On Saturday 24 March around 100 Labour Party activists attended “Re-imagining Local Government: London for the many and not the few”.
This event came out of discussions between London Momentum members and left activists. We wanted to create a forum for the left to think about what it would do if it won seats in the May elections.
An ill prepared left, devoid of strategy and ideas could be subsumed in the right-wing swamp that currently makes up the majority of councils. Local government policy is dominated by a managerial ethos in which officers dictate many of the decisions and councillors act as administrators of Tory cuts.
John Burgess, from Barnet Unison branch secretary spoke of their fight against outsourcing and the need for Labour to commit to bringing services in house and working with the unions.
In the session “From the streets to the council chamber”, activists talked about how to bring local campaigns and their demands into the Labour Party and how to campaign locally for manifesto conferences. Younger Labour members listened, riveted, as John Dunn spoke about the battle fought by Clay Cross councillors in the early 70s, and how they mobilised the community to defy Tory rent increases.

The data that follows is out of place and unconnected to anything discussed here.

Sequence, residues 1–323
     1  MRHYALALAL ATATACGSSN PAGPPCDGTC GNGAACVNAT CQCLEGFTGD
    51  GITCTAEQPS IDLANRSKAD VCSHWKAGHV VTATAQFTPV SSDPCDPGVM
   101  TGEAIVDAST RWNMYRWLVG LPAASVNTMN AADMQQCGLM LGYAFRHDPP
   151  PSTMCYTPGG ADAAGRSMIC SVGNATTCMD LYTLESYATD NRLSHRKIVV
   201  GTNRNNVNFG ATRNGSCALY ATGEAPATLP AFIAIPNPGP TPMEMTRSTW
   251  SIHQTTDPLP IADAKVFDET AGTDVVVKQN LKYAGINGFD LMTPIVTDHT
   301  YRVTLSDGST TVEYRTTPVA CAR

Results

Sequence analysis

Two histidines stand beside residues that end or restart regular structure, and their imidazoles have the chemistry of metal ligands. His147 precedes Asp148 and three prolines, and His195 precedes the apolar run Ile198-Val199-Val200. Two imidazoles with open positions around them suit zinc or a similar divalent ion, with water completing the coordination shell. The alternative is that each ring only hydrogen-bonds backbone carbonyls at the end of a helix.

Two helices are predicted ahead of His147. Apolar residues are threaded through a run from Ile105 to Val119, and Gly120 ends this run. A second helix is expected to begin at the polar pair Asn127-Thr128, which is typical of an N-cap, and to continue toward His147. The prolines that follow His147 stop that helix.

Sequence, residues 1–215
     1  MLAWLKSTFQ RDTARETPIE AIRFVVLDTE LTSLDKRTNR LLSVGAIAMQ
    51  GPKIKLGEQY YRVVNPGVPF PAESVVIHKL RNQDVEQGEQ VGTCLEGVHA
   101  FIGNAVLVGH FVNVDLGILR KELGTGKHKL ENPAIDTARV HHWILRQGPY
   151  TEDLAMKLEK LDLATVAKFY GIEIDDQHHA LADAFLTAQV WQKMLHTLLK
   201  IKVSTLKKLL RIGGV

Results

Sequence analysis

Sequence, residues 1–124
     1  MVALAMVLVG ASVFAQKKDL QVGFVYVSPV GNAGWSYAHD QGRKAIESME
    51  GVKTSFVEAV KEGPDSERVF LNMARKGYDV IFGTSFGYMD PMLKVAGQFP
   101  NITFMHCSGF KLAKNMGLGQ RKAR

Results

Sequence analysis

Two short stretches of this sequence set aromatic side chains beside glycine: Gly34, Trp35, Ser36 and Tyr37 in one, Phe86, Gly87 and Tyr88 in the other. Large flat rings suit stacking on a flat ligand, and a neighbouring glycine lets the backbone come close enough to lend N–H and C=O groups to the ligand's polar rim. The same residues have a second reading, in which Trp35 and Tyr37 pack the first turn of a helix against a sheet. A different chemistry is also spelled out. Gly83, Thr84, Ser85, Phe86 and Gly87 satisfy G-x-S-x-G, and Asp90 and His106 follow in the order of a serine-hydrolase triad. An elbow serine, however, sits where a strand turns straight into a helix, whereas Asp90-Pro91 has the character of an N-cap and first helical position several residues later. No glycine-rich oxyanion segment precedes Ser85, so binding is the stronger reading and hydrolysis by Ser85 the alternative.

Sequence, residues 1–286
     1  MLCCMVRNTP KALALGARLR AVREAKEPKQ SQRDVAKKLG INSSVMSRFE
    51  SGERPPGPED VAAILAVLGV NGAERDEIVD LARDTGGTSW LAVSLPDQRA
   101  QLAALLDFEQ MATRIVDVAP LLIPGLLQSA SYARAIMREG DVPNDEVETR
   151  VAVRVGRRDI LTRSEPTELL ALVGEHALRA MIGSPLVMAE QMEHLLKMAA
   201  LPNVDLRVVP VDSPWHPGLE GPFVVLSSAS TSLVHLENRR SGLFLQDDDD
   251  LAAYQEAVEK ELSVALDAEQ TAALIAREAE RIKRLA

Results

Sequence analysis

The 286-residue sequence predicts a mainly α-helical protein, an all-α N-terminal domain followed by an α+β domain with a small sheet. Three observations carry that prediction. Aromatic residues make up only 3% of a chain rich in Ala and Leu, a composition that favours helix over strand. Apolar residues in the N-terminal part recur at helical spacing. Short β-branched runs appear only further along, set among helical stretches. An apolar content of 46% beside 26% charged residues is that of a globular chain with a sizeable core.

There were areas of discussion and difference. While cooperative principles were welcomed there was also criticism of the way the right have used coops as a soft option to justify further outsourcing. It was pointed out that mutuals can have worse working conditions. As cooperatives have to compete in a capitalist market they find it hard to be profitable without massive subsidy.
There was discussion about Labour councillors opposing cuts completely. Some council candidates said that they wouldn’t vote for cuts while others said that to do so would risk expulsion from Labour. Most agreed that Labour’s rules about the functioning of Labour groups and councillors need to be challenged. Harrow councillor Pamela Fitzpatrick said that while councillors can abstain on matters of conscience this is very narrowly defined and doesn’t include not voting for cuts to services for working-class people. It was collectively agreed to write a model submission for Labour’s Democracy Review on some of these issues, including opposing the restrictions on councillors voting for needs budgets and against cuts.
The event was lively, political, and brought together those who want to change the way Labour acts locally. We need more events like this.
There will be a follow up after the May elections, when we will have to put our ideas into practice.